As stated in today's earnings release, with better visibility towards our year-end results, we are narrowing our 2013 core FFO guidance range to between $474 and -- $4.74 to $4.83 per share, increasing the low end by $0.04 and reducing the high end by $0.02. As a reminder, core FFO excludes items that do not represent core expenses or revenue streams. In addition, we are raising our 2013 FFO guidance range to between $4.73 and $4.82 per share, increasing the low end by $0.08 and increasing the high end by $0.02. The incremental increase in FFO guidance compared to core FFO guidance is primarily driven by the one-time gain related to the insurance settlement of approximately $0.04 to FFO.

Furthermore, we now expect core FFO and FFO to be in line for the year. As a result, this guidance represents expected core FFO growth of 6.3% to 8.3% over 2012 core FFO of $4.46 per share and FFO growth of 6.5% to 8.6% over 2012 FFO of $4.44 per share. These revisions do not include the impact of the potential joint venture. With respect to the change, underlying our revised the 2013 guidance FX assumption, the impact from this change was more than offset by higher margins from the changes to our cost capitalization policy.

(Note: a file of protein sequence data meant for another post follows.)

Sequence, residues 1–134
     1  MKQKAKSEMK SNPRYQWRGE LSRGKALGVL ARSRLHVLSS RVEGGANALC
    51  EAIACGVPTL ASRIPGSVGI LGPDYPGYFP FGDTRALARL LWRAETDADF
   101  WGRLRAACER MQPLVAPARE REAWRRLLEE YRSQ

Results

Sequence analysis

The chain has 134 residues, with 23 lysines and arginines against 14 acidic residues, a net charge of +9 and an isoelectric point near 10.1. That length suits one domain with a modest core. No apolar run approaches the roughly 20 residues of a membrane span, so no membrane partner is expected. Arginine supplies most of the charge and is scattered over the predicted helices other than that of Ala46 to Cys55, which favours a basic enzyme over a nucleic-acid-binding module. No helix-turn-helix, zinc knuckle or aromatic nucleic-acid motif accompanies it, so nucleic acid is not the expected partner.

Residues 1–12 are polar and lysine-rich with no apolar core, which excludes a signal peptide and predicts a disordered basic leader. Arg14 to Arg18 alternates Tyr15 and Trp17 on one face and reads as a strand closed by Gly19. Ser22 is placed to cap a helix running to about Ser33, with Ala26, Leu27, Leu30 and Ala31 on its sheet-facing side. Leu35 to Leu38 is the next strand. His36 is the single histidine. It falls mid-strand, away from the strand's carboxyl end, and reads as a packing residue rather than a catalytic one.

This concludes our formal remarks. Mike and I would be happy to take your questions. Operator?

Question-and-Answer Session

Operator

[Operator Instructions] Your first question comes from the line of Emmanuel Korchman of Citi.

Michael Bilerman - Citigroup Inc, Research Division

It's Michael Bilerman here with Manny. Bill, I just wanted to just dive into the accounting things just for a moment. So you didn't restate first quarter results at all from FFO, you just adjusted FFO for the CapEx disclosure. But I'm more concerned about sort of earnings. So this $3.4 million change is effectively that $0.025 all in the second quarter?